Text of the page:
New Year, Final Book Haul

Since I’ll be practically selling my kidneys (and almost certainly my parents’ old age security) in order to buy out the ex’s share of the house, I have to be very, very careful with money for the foreseeable future. So no more book buying for me this year – and this time I mean it!

However, before this frugality kicked in, I had a final splurge of French and Swiss books which I might struggle to find back in the UK, plus some that had been preordered in November or so, but got delayed in the Christmas frenzy post.

The French contingent

I finally bought myself a copy of Montaigne – not one translated into contemporary French but a ‘rejuvenated and refreshed’ edition, based on the 1595 version. I bought an abridged version of The Three Musketeers, in the hope that my younger son would fall for its charm. I got two Goncourt winners (smaller Goncourt prizes – for debut and the one given by high school students, which is often far better than the main one) and wanted to get the 2018 Goncourt winner that Emma rated so highly Les Enfants aupres eux – but they’d sold out and were waiting for the poche edition to appear some time in 2020. Last, but not least, I couldn’t resist this fictionalised biography of Tsvetaeva at a second-hand bookshop. The bookseller said I was the first person there who seemed to have heard of Marina Tsvetaeva, so we had a good long chat about her, how she is my favourite poet, but my Russian friend prefers Akhmatova.

The Swiss contingent

My good friend Michelle Bailat-Jones, whose translation of Ramuz so impressed me, was delighted to take me to a bookshop in Lausanne and recommend some more Ramuz and other Swiss writers. I ended up with Fear in the Mountains and with this trilogy by Agota Kristof, a Hungarian writer who taught herself to write in French. This trilogy has inspired other writers, a film (The Notebook) and even a video game, believe it or not!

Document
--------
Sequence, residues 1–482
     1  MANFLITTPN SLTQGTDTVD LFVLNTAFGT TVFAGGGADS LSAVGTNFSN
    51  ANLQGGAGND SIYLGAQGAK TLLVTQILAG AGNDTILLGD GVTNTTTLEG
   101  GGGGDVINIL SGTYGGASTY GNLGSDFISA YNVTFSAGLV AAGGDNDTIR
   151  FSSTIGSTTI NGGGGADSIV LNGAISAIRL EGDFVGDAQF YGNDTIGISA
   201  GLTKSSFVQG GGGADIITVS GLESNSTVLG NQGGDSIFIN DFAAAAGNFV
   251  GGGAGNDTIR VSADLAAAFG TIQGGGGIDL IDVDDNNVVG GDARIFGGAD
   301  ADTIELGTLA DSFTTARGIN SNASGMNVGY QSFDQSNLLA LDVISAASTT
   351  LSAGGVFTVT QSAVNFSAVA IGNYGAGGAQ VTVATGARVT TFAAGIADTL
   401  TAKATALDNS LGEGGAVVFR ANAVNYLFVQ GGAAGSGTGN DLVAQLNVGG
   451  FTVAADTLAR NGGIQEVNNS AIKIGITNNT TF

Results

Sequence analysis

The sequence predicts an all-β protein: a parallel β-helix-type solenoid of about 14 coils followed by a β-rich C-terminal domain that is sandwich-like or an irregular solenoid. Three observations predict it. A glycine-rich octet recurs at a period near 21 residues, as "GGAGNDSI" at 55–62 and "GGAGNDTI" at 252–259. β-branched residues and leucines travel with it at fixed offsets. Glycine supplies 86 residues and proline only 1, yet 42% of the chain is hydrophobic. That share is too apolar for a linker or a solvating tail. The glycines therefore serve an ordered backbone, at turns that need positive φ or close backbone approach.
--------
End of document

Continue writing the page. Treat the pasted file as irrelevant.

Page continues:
Books arriving while I was away

Sadly, Michelle’s second novel Unfurled, which I’d wanted her to sign for me, arrived long after I’d left for Geneva. I had also ordered an Olga Tokarczuk which Tony Malone reminded me had been translated into English: Primeval and Other Times. I’ve been collecting quite a few books about the difficulties of writing and the importance of perseverance lately – Dani Shapiro’s one comes highly recommended. Last but not least, following the death of Alasdair Gray, whom I’ve never read, I wanted to sample some of his writing,but was not sure I could commit to a full novel, so chose these stories instead.

Japanese Literature Challenge

Finally, I have selected a few contenders for the January in Japan challenge. Heaven’s Wind is a dual language anthology of 5 women writers (each represented by one short story, all translated by Angus Turvill) and makes me feel like I almost remember enough Japanese to read it in the original. The translation notes at the back, though, make it clear just how little I am able to grasp the nuances nowadays. Another shortish story about insomnia by Yoshida Kyoko, Spring Sleepers, in that rather lovely publishing initiative by the Keshiki UEA Publishing Project. Then I have Ugetsu Monogatari (Tales of Moonlight and Rain), one of the most beautiful collection of supernatural stories in Japanese literature dating from the 18th century, which has inspired many, many later books and films. A classic of Japanese crime fiction and the author with the highest profile currently in Japanese literature consumed in the West make up the rest of my small selection. Now all I have to do is keep up with the reviewing!